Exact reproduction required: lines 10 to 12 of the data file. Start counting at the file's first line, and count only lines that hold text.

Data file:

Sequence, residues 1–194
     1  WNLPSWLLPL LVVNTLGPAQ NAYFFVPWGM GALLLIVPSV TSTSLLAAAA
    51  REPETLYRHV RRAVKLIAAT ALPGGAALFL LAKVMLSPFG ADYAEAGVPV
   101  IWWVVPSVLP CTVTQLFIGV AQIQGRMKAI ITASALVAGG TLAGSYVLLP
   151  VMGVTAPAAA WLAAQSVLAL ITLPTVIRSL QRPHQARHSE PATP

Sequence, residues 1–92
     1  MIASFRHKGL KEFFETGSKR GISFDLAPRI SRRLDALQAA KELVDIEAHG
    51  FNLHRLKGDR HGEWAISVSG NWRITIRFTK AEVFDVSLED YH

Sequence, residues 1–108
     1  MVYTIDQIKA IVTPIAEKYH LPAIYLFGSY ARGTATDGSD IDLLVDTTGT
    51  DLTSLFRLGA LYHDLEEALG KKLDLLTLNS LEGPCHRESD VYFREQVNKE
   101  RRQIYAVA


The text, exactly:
     1  MVYTIDQIKA IVTPIAEKYH LPAIYLFGSY ARGTATDGSD IDLLVDTTGT
    51  DLTSLFRLGA LYHDLEEALG KKLDLLTLNS LEGPCHRESD VYFREQVNKE
   101  RRQIYAVA